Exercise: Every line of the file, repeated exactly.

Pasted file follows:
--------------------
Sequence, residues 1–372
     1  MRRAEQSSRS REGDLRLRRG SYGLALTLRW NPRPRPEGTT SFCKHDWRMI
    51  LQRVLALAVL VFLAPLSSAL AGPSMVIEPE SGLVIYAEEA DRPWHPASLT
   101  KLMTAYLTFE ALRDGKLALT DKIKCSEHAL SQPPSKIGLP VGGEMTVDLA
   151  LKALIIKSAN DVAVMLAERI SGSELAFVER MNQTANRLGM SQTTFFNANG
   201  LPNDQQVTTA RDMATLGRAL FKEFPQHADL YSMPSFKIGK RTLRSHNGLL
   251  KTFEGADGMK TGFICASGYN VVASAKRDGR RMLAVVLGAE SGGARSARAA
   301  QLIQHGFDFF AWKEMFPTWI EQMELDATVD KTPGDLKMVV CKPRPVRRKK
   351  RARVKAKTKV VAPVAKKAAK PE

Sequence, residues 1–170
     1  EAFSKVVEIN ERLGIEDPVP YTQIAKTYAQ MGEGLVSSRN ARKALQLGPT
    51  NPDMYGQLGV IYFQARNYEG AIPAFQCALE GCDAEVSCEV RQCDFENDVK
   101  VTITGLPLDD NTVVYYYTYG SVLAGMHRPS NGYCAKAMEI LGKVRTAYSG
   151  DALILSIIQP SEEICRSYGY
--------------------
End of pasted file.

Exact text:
Sequence, residues 1–372
     1  MRRAEQSSRS REGDLRLRRG SYGLALTLRW NPRPRPEGTT SFCKHDWRMI
    51  LQRVLALAVL VFLAPLSSAL AGPSMVIEPE SGLVIYAEEA DRPWHPASLT
   101  KLMTAYLTFE ALRDGKLALT DKIKCSEHAL SQPPSKIGLP VGGEMTVDLA
   151  LKALIIKSAN DVAVMLAERI SGSELAFVER MNQTANRLGM SQTTFFNANG
   201  LPNDQQVTTA RDMATLGRAL FKEFPQHADL YSMPSFKIGK RTLRSHNGLL
   251  KTFEGADGMK TGFICASGYN VVASAKRDGR RMLAVVLGAE SGGARSARAA
   301  QLIQHGFDFF AWKEMFPTWI EQMELDATVD KTPGDLKMVV CKPRPVRRKK
   351  RARVKAKTKV VAPVAKKAAK PE

Sequence, residues 1–170
     1  EAFSKVVEIN ERLGIEDPVP YTQIAKTYAQ MGEGLVSSRN ARKALQLGPT
    51  NPDMYGQLGV IYFQARNYEG AIPAFQCALE GCDAEVSCEV RQCDFENDVK
   101  VTITGLPLDD NTVVYYYTYG SVLAGMHRPS NGYCAKAMEI LGKVRTAYSG
   151  DALILSIIQP SEEICRSYGY